When you are selling, buying or leasing a rural property one of the things that you should take time to consider is what grass or supplements will be available for the incoming farmer’s stock. This is a matter for both the landowner, when selling and leasing, and the prospective purchaser or lessee to establish – regardless of what time of year settlement is to occur.
Often in rural land agreements there’s provision for a determination of the average grass cover that’s to be left at settlement, and the mechanisms to be applied if there’s a shortfall. Frequently it’s agreed that an independent farm consultant measures the available pasture and, in the event of a feed shortfall, requires that supplementary feed be purchased and transported to the property, or for a cash payment to be made as compensation. Each of these options needs careful consideration depending on when settlement will occur and what the availability of feed will be.
Good husbandry provision
Alternatively, the agreement may not even address the matter, or provide that the vendor or lessor shall farm ‘in a good and husband-like manner in accordance with normal agricultural practice in the district’. This general and broad rule of thumb approach provides that the farmer will use his/her best endeavours to farm in a prudent manner. However, while enforceable, this provision for good husbandry raises the debate of what is good husbandry in a particular situation and location. Each farmer farms differently – whether it’s stocking levels, stock types, or stock and pasture welfare.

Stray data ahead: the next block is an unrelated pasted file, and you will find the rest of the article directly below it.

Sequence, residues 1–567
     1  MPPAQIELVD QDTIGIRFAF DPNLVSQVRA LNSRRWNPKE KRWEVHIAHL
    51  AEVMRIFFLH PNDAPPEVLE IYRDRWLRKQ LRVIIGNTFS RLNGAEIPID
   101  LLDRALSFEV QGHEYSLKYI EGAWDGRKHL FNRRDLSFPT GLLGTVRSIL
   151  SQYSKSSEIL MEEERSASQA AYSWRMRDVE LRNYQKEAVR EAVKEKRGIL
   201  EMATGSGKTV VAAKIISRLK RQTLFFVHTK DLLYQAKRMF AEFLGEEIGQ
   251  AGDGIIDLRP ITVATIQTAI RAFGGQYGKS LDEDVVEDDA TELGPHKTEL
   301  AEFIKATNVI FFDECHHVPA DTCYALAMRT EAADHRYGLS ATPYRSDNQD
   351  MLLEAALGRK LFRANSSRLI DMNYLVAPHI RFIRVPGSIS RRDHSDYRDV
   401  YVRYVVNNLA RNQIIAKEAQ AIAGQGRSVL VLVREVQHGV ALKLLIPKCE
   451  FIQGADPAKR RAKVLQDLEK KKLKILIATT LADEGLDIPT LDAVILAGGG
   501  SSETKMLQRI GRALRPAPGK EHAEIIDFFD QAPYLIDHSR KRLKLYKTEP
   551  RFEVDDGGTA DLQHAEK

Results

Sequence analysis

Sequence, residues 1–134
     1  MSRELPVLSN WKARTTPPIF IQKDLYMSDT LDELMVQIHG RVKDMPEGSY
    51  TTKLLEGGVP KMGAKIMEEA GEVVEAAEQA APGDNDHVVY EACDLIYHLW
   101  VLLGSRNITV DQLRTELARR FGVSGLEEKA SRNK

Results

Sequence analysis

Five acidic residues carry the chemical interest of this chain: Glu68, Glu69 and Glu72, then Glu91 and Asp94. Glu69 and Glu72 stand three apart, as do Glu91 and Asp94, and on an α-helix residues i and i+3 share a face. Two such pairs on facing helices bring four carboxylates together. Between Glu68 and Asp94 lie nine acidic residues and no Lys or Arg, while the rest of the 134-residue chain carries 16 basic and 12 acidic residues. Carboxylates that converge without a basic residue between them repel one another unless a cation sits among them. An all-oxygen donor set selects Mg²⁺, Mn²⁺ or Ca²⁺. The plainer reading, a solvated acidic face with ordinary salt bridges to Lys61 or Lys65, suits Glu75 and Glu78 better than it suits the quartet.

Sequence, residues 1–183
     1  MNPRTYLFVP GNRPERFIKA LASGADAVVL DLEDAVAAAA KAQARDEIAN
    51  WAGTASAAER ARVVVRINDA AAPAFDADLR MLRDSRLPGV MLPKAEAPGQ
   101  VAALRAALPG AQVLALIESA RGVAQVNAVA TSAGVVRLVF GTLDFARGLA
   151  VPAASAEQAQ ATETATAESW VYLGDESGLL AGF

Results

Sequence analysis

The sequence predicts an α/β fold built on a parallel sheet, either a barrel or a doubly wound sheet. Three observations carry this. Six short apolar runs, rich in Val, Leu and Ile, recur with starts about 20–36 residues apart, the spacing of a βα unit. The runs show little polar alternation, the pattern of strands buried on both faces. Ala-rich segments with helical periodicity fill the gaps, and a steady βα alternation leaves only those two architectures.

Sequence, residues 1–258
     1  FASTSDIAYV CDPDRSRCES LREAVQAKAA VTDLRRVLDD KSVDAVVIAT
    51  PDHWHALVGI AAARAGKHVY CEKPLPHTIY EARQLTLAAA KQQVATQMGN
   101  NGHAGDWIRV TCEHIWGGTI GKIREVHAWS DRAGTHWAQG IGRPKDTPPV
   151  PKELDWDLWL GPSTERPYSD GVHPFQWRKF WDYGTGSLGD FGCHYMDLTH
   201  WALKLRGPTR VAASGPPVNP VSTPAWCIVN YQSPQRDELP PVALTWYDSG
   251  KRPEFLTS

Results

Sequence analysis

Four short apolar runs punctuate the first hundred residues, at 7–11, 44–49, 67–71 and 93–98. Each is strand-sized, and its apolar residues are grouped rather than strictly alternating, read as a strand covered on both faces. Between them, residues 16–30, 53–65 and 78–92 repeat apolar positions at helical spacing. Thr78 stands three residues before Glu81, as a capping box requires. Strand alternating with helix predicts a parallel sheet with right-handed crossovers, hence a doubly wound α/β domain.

In entering into a sales agreement, or a lease, the incoming farmer needs to have certainty as to what feed will be available at a given time. Make sure you contact us (before you sign the agreement) to discuss how to best protect your position to ensure you know where you stand.
Also to be considered when negotiating the sale or lease is whether the incoming farmer should seek early access in order to prepare the planting ground with winter crops, or to arrange for the destocking of some or all of the pasture to ensure suitable feed is available on settlement.
Lessors need also to consider what feed, including supplements, is being left for the incoming lessee at the start of the lease, and to establish what feed the outgoing lessee will leave at the end of their lease. One provision could be that the tenant is required to leave sufficient pasture as was present when the lease began. If the pasture wasn’t measured, this is difficult to enforce. Or if the landowner or outgoing lessee destocks early, this may result in the incoming lessee having to destock early themselves in order to match the grass cover at commencement date.
Some pre-thought and negotiation by the parties when entering into a farm sale or a lease agreement will reduce the likelihood of dispute and allow a smooth transition for all, as well as sufficient pasture and/or feed for your stock.